On one of the modeling sites, a new model posted up that she has been modeling for “about a month” and is looking for paid jobs. She asked for advice on getting paid jobs, wanted to know what she should do about her wardrobe (admitting to being a college student who owns nothing but jeans and flip-flops), and mentioned that she won’t do nudes. Here’s the advice I gave her.
Being ‘a model’ doesn’t automatically entitle you to getting paid lots of money. Just like spending 4+ years in college doesn’t entitle you to getting a decent paying job (let alone one in the field you studied) right out the door.
In fact, if you’re not signed (and especially if you’re just modeling as a hobby), chances are you’re going to end up spending more than you make on things for shoots (like wardrobe, shoes, traveling to shoots, stylists and MUAs, etc.). And let’s not forget the hours spent networking to make sure people know who you are and have a desire to hire you.
If you’re looking to make money, get a job at the grocery store close to your college campus. That’s a sure thing. Modeling for a month and then looking to get paid? Not so much.
Chances are, at your height and measurements, you’re going to have a hard time getting signed to an agency (unless you find a commercial one that can place someone with your look). And if you’re not signed, and not willing to do nudes, the market that will pay you (especially with only one month’s experience under your stilettos flip-flops) will be quite limited.
What will “guarantee” you money from modeling? Nudes and fetish work. There are fetishes that don’t require nudity, but you have to be comfortable with the idea of someone getting off to images of you. If you’re not comfortable with either of those things, chances are, you’re not going to make money modeling. Hell, you’ll be lucky to break even.
Now, as far as your current wardrobe goes, you’re 20 years old, and will soon be out in the professional world. You might as well start investing in some quality, classic pieces that will last you: black pumps, a dark suit, a couple modest dresses. The holidays are coming up. When people ask what you want as gifts, explain that you would like to start building your professional wardrobe, and ask for giftcards to places like The Limited, Ann Taylor, or Banana Republic. You don’t need to buy frumpy pieces, just make sure they’re not too tight or too trendy. Well-made pieces with classic lines will last you quite some time, and it’s worth spending the money on pieces like that.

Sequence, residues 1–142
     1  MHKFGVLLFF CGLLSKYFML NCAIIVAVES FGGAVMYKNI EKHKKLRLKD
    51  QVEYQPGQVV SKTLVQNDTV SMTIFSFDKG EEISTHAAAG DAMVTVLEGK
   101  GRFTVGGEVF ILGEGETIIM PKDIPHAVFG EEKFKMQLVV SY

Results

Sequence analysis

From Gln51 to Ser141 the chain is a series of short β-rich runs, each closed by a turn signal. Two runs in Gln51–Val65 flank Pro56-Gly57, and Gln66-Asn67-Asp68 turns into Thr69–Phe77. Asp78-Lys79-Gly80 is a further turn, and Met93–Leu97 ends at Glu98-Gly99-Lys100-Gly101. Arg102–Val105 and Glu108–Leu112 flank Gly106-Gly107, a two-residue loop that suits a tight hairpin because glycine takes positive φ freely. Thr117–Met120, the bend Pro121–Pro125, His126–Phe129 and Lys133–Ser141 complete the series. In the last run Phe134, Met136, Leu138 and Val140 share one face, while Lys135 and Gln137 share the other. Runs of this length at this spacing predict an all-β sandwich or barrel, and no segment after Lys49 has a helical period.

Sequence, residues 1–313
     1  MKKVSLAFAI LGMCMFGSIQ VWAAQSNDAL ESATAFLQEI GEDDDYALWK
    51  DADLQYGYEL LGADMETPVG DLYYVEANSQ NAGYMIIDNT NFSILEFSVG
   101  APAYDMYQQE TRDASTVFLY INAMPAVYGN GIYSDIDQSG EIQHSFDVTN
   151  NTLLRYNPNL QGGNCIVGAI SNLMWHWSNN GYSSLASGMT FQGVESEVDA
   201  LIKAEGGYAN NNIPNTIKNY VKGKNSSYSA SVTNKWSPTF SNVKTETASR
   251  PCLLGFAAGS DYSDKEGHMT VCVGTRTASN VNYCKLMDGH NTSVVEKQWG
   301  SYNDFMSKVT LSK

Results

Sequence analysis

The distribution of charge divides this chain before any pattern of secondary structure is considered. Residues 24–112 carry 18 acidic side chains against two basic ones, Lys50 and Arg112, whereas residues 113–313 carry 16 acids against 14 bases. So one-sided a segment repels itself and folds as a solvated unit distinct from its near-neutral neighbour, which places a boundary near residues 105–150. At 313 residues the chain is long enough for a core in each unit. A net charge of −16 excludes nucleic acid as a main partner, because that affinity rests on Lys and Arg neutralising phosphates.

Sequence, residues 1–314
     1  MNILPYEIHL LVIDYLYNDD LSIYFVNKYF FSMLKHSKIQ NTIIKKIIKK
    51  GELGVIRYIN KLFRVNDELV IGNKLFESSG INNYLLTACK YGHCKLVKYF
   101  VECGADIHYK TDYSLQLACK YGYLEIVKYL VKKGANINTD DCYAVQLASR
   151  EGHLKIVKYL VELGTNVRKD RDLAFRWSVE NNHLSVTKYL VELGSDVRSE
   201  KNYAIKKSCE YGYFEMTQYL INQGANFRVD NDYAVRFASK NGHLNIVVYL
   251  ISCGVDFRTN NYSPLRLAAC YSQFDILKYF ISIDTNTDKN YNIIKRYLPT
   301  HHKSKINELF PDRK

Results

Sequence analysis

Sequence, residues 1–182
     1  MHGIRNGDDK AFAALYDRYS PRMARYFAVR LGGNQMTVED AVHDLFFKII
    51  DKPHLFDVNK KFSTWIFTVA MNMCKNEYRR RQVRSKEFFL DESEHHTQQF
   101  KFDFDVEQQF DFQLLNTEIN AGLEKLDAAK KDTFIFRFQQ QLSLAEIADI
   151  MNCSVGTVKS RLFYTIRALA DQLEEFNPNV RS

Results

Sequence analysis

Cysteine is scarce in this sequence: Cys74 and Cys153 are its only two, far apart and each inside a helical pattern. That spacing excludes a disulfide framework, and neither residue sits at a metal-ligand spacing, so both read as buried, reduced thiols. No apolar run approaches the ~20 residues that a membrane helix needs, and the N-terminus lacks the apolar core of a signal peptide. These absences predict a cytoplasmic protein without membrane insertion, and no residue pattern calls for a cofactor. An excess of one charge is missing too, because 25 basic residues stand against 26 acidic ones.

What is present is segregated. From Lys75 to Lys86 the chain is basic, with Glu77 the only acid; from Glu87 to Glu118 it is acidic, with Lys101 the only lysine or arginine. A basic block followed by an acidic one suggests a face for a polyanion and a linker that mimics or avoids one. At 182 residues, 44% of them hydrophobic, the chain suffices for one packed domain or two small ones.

For shoots, you can find a wardrobe stylist to hire, or you can try finding stuff at places like TJ Maxx, Goodwill, Nordstrom Rack, or even H&M. And always hit up the sale racks. Hell, borrow from your friends if you can’t go out and buy stuff. Figuring out where you want to go with modeling, as well as planning shoots with photographers in advance, will also help you find wardrobe pieces.
I built the basics of my professional wardrobe on holiday gifts. I use the holidays as a time to re-evaluate what I have and update it if necessary.
I rarely, if ever, buy something for a shoot that I can’t wear either to work, out, or just in general.
Oh, and I worked my ass off in college taking unpaid internships, freelancing for family friends at reduced rates, and taking on projects for my sorority and other groups I was involved in to get experience. All that hard work paid off, and I landed a job 2 weeks after graduating.
As a model (a hobbyist mind you), I worked purely on a trade basis for over a year before I felt comfortable quoting rates to photographers who asked. If I didn’t see a value in working with someone, I simply said no. I’ve worked my rear off to get people to recognize my name, my face, and want to work with me. It’s paid off, but it was a long, frustrating, tiring road, and one that needs constant maintenance.
My advice? Get a ‘real job’ if you need money, and model as a hobby if you find it enjoyable.